Yakima Church Celebrates Faith of Pioneers

In the summer of 1894, Elder S.H. Kime and several assistants held tent meetings in North Yakima, Wash. After the North Yakima meetings in 1894, Robert S. Donnell, conference president, reported: "At Yakima, the interest has been small, yet a few have taken their stand. We hope a church can be organized there in the near future." The next spring, March 30, 1895, his hope became a reality when the North Yakima Church was organized.

Almost 115 years later, Oct. 23–24, 2009, the Yakima Church celebrated the "Faith of Our Pioneers" with a heritage weekend, planned by the church history team: Jack Chambers, Vera Coleman, Bill Faith, Al McCoy, Bill and Velma Jean Robinson, Harry Sharley, the late Joan Whitehead and Virginia Young. The weekend began Friday afternoon with a tour of a historical site of church interest followed by a power point presentation by Doug Johnson, UCC vice president and historian, on the growth of the Adventist Church in the Pacific Northwest.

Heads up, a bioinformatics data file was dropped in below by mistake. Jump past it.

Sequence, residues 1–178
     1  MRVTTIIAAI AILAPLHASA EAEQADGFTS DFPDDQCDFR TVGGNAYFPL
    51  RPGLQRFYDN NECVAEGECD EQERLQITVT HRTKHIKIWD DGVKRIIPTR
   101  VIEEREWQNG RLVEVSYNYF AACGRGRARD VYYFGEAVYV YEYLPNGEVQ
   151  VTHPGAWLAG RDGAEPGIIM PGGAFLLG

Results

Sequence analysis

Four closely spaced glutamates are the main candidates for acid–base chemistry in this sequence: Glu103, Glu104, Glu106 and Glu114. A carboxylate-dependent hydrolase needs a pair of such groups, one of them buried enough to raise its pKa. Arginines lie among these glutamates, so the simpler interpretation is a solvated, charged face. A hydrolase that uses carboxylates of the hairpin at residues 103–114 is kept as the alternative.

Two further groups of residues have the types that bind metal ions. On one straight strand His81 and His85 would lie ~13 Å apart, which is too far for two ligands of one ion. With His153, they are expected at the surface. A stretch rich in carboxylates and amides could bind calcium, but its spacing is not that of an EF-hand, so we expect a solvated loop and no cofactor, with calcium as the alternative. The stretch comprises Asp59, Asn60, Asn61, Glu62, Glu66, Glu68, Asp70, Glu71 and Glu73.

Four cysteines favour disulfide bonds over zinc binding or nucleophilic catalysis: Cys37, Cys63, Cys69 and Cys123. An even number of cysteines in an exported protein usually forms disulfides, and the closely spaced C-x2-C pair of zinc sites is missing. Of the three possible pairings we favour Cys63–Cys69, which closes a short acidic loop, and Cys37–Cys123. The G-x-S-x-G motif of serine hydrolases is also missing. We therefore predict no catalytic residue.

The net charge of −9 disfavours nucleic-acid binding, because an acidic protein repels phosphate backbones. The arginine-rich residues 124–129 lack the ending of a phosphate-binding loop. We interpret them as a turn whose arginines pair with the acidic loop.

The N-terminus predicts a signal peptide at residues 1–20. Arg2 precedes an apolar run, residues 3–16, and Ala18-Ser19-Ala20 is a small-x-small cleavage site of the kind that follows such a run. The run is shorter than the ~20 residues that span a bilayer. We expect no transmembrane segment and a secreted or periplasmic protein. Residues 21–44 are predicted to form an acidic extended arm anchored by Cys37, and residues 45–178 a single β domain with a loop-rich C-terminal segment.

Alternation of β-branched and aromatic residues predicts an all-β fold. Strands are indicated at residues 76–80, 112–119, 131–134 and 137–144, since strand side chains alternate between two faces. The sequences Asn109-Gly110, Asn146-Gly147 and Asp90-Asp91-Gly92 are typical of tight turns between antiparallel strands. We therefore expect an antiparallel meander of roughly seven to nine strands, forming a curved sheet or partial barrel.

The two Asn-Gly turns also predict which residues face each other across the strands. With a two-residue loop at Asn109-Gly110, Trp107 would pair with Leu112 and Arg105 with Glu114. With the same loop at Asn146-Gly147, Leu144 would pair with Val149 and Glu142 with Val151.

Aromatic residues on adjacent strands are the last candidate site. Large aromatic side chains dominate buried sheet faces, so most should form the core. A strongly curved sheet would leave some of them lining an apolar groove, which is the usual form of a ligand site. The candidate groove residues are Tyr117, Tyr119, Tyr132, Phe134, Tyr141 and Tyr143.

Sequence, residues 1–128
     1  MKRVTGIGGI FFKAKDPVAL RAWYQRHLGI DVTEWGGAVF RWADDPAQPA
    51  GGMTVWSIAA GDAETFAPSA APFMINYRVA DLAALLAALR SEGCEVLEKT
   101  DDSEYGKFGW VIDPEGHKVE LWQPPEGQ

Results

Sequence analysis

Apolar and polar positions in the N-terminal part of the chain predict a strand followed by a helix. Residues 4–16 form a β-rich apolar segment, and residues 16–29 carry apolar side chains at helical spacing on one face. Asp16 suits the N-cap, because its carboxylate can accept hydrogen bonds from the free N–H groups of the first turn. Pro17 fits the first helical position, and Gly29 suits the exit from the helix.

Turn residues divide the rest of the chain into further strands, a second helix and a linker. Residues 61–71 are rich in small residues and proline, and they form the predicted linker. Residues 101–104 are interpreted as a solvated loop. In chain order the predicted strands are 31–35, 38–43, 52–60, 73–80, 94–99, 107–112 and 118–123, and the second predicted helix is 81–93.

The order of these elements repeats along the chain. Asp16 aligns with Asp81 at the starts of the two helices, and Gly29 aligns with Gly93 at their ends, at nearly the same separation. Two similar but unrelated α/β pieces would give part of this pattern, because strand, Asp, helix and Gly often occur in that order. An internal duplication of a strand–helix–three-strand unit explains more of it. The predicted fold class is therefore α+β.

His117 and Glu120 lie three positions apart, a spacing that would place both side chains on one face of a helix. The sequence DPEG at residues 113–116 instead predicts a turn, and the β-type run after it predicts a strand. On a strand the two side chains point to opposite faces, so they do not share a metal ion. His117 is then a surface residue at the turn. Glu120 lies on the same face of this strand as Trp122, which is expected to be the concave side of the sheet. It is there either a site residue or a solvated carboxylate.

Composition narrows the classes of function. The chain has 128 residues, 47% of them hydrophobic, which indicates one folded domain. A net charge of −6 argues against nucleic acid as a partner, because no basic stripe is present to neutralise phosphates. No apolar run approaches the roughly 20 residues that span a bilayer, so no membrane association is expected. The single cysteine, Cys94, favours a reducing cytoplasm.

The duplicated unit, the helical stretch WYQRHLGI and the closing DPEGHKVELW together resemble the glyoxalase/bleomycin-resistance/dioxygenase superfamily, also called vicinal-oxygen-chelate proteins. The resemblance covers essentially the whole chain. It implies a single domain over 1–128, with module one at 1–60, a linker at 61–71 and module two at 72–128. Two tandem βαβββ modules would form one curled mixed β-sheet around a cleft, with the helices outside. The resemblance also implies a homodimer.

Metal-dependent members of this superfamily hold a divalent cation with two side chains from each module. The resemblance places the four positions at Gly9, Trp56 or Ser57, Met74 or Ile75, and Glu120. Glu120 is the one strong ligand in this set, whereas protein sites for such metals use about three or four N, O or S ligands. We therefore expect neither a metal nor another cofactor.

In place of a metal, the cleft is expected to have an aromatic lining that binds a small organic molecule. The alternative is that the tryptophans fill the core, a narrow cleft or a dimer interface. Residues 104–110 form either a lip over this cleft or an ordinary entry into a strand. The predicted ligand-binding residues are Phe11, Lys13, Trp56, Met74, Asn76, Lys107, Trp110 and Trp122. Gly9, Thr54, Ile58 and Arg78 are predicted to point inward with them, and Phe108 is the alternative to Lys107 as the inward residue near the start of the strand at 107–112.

Bill Robinson led out as superintendent of an old-fashioned Sabbath School for which Vera Coleman gave the secretary's report. Her grandfather, Phil Eustace, purchased the North 11th Ave. church site and led out in the construction project. He also built the chairs, matching pulpit, and communion table still in use today. The congregation moved to the 11th Ave. site in 1918 and occupied that building for nearly 50 years.

Thanks to those early pioneers, the Yakima Church, has more than 300 active members and spiritual seekers, and is reaching out to benefit youth and their community, with an aim to "keep our eyes fixed on Jesus" and His soon coming.

February 01, 2010 / Upper Columbia Conference
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